There can be absolutely no doubt that foster caring is challenging at times. The crucial encouragement that foster carers provide every day to the children and young people in their care helps, in many ways, to restore self-belief where it has been eroded and to instil a sense of security and confidence. For children and young people who can no longer live with their families for whatever reason, our foster carers provide a safe, secure and loving family environment—a place to call home.
Our national outcomes challenge us to ensure that children and young people grow up with equal opportunities and feel loved, safe and respected at home and by society. Maintaining the relationships that matter to them the most is important, so how do we preserve those important relationships? I will touch on that in addressing some of the issues that were raised in the debate.
The recent Care Inspectorate bulletin on local authority and independent fostering and adoption service providers includes important data on the reality of foster care in Scotland. It acknowledges the complexities and it highlights a number of positive trends, with 93 per cent of our 60 local authority and independent foster care providers achieving grades of “good” or better across all quality themes. However, 45 per cent of foster care services had experienced a net loss in the number of foster carers.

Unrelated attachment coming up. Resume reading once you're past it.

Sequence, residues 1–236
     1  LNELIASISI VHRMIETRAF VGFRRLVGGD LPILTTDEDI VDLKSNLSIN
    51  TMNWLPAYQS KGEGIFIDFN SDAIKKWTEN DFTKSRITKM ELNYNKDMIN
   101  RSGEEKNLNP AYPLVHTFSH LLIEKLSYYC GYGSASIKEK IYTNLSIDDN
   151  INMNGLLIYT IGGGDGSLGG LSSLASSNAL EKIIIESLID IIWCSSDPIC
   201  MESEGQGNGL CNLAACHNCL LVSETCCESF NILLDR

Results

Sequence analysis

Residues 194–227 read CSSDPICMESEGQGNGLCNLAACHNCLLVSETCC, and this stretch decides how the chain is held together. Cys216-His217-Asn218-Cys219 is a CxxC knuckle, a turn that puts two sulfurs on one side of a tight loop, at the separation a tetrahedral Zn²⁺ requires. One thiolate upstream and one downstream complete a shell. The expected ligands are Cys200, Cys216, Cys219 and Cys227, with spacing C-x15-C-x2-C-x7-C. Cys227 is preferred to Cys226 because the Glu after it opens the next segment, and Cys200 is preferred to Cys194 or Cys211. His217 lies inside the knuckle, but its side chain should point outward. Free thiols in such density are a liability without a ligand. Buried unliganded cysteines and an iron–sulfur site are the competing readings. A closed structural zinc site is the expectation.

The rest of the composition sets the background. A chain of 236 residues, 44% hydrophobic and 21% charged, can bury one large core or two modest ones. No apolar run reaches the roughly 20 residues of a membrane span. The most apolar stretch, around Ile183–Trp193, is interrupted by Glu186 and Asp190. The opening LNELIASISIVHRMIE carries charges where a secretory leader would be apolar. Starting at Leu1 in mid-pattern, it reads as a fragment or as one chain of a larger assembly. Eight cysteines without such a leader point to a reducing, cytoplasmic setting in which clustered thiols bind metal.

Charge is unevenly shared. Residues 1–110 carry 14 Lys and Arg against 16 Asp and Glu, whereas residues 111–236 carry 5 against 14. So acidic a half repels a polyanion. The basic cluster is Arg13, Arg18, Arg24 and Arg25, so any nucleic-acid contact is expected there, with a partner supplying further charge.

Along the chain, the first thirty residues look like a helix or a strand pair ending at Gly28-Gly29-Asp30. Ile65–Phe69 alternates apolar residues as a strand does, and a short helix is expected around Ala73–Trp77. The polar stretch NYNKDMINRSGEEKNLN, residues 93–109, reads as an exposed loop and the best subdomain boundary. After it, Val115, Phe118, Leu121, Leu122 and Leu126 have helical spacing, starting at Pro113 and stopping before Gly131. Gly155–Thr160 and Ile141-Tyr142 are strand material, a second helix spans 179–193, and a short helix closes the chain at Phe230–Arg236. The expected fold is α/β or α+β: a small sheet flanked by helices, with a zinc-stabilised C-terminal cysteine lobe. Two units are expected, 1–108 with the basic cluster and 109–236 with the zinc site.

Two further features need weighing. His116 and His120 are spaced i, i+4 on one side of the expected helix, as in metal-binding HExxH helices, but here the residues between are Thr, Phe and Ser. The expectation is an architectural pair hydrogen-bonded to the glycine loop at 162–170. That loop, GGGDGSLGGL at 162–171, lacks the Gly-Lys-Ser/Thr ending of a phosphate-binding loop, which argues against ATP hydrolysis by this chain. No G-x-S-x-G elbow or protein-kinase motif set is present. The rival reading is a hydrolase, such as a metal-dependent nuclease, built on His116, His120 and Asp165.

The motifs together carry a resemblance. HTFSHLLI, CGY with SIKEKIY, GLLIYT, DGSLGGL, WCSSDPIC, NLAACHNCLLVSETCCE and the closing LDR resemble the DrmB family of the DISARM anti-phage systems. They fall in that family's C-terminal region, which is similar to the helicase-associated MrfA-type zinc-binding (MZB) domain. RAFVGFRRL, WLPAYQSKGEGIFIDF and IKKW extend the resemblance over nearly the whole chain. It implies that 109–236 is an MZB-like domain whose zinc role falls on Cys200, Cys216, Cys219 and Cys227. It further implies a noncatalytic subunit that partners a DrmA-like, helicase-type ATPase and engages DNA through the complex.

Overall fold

Kezia Dugdale raised the issue of keeping brothers and sisters together. The importance of ensuring that the best interests of the child are at the heart of all decisions is evident, but the bulletin also highlighted that local authority foster carers and independent service providers found it a challenge to recruit foster carers to care for sibling groups. I announced recently that we are going to strengthen the law so that staying in touch with brothers and sisters will become a much greater priority when we are making plans for children and young people in care.
Most members will be aware by now that the national review of care allowances made 12 recommendations on the theme of improving consistency and transparency in allowances and in the information that is available for families and carers. This is a complex area, particularly in the current financial climate, but we are committed to working in partnership with the Convention of Scottish Local Authorities to respond in a way that best meets the needs of our fostered children and carers.
Jeremy Balfour compared the situation in Highland with the situation in other local authority areas with similar topography and geography and similar challenges with sparse populations. It is difficult to understand the differences in foster care allowances there, but that is why we need to improve the transparency in allowances and explain what is included in the basic allowance and what is included in the myriad extra allowances that people can claim.